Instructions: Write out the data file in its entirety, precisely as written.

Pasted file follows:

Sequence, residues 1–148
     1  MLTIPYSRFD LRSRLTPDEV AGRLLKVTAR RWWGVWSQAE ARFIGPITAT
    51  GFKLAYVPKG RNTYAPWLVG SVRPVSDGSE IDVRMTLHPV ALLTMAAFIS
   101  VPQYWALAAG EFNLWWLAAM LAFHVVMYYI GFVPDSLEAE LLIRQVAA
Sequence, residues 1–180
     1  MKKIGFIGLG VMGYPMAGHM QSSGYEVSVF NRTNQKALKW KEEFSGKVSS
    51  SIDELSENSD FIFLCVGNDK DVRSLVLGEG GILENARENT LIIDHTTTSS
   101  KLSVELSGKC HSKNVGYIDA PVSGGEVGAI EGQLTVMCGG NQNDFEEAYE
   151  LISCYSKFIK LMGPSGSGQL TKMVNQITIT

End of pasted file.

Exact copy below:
Sequence, residues 1–148
     1  MLTIPYSRFD LRSRLTPDEV AGRLLKVTAR RWWGVWSQAE ARFIGPITAT
    51  GFKLAYVPKG RNTYAPWLVG SVRPVSDGSE IDVRMTLHPV ALLTMAAFIS
   101  VPQYWALAAG EFNLWWLAAM LAFHVVMYYI GFVPDSLEAE LLIRQVAA
Sequence, residues 1–180
     1  MKKIGFIGLG VMGYPMAGHM QSSGYEVSVF NRTNQKALKW KEEFSGKVSS
    51  SIDELSENSD FIFLCVGNDK DVRSLVLGEG GILENARENT LIIDHTTTSS
   101  KLSVELSGKC HSKNVGYIDA PVSGGEVGAI EGQLTVMCGG NQNDFEEAYE
   151  LISCYSKFIK LMGPSGSGQL TKMVNQITIT